It sounds horribly incorrect by today’s standards, but like I said, even though I didn’t like it, I never doubted his love for me and our family. I think I was about 45 the first time I remember hearing him say he loved me. It was quite a shock, but not overly uncommon from his generation I’ve learned. Dad taught my siblings and me many valuable skills and lessons and it was done by example. It was years later that I realized the depth of his instruction. Maybe that is why I am drawn to being an instructor in a number of disciplines like Bible studies, Hunter education, Martial arts, or my latest Indoor cycling.

My mom is still the guiding hand of the family, even in her 80’s. My youngest brother never fails to amaze me with his ability to properly decipher any situation. He is the Perry Mason of the family and I learn something from him every time we chat.

Throughout my past are literally hundreds of people who have helped me change direction and it would be mind-bending to attempt to track them down. Some spoke to me and offered their opinion. Other times I heard them speak and decided to adopt that line of thought. Here is the summation of this week’s column; you never know when you will meet one of these good folks, so try to latch onto them. Let them know what they are saying is important and right then thank them.

Tomorrow may be too late.

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Thursday, April 28, 2016

The Evergreen property acquisition in Baytown


Good Evening Bert,
Let me see if I can shed some light on the progress of the Evergreen property acquisition. 
The original intent was to stay away from the City owning any golf facility simply due to the fact that there is only a very small profit margin or hope to break even on a municipal golf course.  But as luck would turn out, both the Goose Creek Country Club and the Evergreen Golf Course landed on the front door of City Hall, both on the same day.  The first of which was Goose Creek CC whose board members have been trying to get the City to purchase and take over that operations.  This was not going to be considered and the City could not make an investment in that endeavor as it was an unknown.  Unknown to the fact that we knew that other municipal golf courses has to be subsidized by the municipality.  Good example of that is Eagle Point, La Porte and Pasadena courses.  Each of those cities has to subsidize their facilities to keep them a float.  That was something we were not quite prepared to do.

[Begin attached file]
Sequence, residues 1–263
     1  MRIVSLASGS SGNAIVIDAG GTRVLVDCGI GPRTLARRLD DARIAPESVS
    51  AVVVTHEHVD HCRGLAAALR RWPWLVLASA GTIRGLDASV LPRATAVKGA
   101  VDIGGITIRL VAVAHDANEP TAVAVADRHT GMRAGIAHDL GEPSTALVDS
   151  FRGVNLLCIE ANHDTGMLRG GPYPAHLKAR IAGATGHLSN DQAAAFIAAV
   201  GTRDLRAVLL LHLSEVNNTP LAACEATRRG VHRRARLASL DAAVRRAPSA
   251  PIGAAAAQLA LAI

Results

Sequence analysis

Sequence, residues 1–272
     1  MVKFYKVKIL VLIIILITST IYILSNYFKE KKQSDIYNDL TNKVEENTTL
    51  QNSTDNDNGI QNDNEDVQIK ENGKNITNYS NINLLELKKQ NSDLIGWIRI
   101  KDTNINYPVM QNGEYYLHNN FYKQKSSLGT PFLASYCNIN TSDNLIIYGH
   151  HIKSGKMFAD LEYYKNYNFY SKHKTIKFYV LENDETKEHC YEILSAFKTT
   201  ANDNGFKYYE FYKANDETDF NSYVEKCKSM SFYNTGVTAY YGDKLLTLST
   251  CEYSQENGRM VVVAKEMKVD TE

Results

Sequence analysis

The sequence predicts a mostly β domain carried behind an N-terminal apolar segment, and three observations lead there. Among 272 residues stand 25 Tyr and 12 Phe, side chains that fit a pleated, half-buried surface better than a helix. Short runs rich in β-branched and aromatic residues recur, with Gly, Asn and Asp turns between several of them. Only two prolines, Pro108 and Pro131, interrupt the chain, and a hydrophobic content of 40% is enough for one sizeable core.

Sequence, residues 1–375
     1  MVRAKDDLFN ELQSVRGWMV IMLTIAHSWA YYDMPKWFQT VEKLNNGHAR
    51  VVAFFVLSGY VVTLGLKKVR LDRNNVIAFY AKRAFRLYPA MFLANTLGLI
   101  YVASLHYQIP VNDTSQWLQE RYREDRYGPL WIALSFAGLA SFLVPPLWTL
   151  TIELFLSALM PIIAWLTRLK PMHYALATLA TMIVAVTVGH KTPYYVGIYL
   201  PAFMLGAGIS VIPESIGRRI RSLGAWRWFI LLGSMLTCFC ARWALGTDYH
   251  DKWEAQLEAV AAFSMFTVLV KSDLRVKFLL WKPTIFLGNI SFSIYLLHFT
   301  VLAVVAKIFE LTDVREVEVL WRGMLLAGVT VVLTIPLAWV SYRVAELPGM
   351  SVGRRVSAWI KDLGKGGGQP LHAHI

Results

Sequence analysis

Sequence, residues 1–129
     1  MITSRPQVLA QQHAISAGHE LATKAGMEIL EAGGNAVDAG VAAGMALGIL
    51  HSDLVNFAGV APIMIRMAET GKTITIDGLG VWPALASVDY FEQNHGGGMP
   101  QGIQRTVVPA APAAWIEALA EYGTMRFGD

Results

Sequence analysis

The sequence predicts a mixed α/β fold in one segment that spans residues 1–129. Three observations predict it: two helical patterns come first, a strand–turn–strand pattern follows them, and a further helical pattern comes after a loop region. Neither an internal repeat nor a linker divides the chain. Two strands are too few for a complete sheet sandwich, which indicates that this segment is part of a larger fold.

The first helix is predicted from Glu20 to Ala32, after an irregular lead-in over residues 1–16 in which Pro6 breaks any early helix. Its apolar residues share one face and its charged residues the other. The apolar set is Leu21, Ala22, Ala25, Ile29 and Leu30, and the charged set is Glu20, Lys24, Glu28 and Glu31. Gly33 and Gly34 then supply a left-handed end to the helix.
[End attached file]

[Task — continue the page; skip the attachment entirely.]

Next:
Then when Evergreen Golf Course was presented to the City, we all knew that we had to pull back on the reins and think about this.  If we let both of these courses go by the way side, the City of Baytown would be the largest municipality in the state without a golf facility.  So before we jumped out there, Council and City Management wanted hard facts about the possibility of one of the two golf facilities becoming a municipal facility and thus an added asset for the City of Baytown.  The City hired a research group to look at the two courses and return a report about the strengths of the two sites and projected success/failure likelihood.  The report returned to the City in a since stated that Goose Creek CC would not be successful and would take a lot of revenue to keep it active.  Evergreen Golf Course on the other hand would be a success and due to the location and future plans around that facility, stated that it would not only break even with the right amount of investment, but could possibly turn some revenue back to the City.  Not in large amounts, but the potential of success was there.
After receiving the report, Council and City Management took the consideration of purchasing the Evergreen facility with the help of the residential developer, who by the way did not want the golf portion for the residential development.  Long story short, the developer made a proposal for the residential development to include a newly revise and revamped golf course.  The only items that were to stay intact was the club house/grill, driving range, putting green and all the fairways/holes around the original residential addition already in place.  Every thing else was going to be revise or new.  As agreed with the developer, the City was going to make the initial investment and the developer was going to purchase back from the City any property it needed to develop the residential portions.  The City was gong to pay for the new design and instillation of the golf course.